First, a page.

“Yesterday’s popular toy is today’s collectors’ item.” (Yahoo! Games)

Remember the old toys that you sold in a garage sale? Or the ones you had since you were a kid and kept in mint condition for a long time but when you turned it over to your kids, it lost an arm or a leg? Well, Yahoo! recently featured “The Most Valuable Action Figures”. “Some of the action figures you loved as a child are now sought-after rarities with enormous price tags… You probably threw them away when you grew up, but you’re about to wish you hadn’t… All toys are not created equal—and these pricy pieces of plastic prove it(Ibid)
Image source: Yahoo! Games
For example, a 1978 Darth Vader action figure with a telescoping lightsaber accessory could fetch up to US$7,000! The most expensive is the 1963 G.I. Joe prototype sold for $200,000 in a 2009 auction.
Image Source: Yahoo! Games
One ruefully commented, “I guess playing with my Return of the Jedi action figures in the bathtub and melting them with a magnifying glass wasn’t such a good idea.”

But what are toys anyway? We are supposed to play with them. Someone commented about those expensive collectibles, “They’re sought after because people who played with them don’t have them anymore. Some of us get nostalgic and since we can’t buy back our childhood, we try to buy back pieces of it any way we can. And some people can afford to satisfy their nostalgia to the extreme.” Yes, we can’t really buy back our childhood and our children’s childhood. So, instead of hoarding those limited edition toys for some future auction that you’re not even sure would come, why not take out those toys from their boxes and play with your kids?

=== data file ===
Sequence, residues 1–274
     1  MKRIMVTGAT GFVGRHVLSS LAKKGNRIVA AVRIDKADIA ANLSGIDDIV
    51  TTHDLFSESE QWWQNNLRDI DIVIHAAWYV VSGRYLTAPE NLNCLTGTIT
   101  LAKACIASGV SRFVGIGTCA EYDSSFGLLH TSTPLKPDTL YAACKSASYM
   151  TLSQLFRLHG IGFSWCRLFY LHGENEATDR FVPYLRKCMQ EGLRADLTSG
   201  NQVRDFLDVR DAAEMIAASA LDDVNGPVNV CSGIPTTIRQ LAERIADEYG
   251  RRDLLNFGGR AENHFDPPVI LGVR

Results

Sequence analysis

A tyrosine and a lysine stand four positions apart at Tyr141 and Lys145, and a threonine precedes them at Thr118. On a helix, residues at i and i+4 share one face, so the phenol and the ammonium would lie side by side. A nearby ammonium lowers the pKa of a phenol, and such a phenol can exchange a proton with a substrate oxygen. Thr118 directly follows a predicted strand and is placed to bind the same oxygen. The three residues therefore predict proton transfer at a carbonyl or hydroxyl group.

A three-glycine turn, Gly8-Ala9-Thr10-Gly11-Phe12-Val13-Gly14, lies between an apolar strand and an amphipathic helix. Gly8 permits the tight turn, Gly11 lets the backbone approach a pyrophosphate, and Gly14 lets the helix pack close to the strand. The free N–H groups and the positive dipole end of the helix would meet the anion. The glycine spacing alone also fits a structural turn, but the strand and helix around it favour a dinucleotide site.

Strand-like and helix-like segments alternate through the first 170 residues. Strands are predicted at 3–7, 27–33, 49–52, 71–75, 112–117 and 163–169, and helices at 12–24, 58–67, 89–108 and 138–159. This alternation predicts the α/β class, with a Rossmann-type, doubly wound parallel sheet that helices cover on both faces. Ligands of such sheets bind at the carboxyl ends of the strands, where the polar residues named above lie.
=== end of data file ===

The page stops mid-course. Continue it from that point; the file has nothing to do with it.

A memorable scene from Toy Story 2 came to my mind. Buzz Lightyear tried to rescue Woody from a toy collector. But Woody refused. Buzz pleaded with him. “Woody, you’re not a collector’s item. You’re a child’s plaything. You... are... A TOY! …Somewhere in that pad of stuffing is a toy who taught me that life’s only worth living if you’re being loved by a kid.” And it goes not just for toys. I guess that’s why God called our children His heritage and His reward (Psalm 127:3). We are meant to enjoy God’s gifts. We usually think that we are only good stewards of our kids when we discipline them, provide for their needs (usually financially) and give them a good education. But it is also great stewardship when we laugh with them. Life is only worth living when you enjoy the love of your kids and our kids enjoy ours.

It’s playtime.


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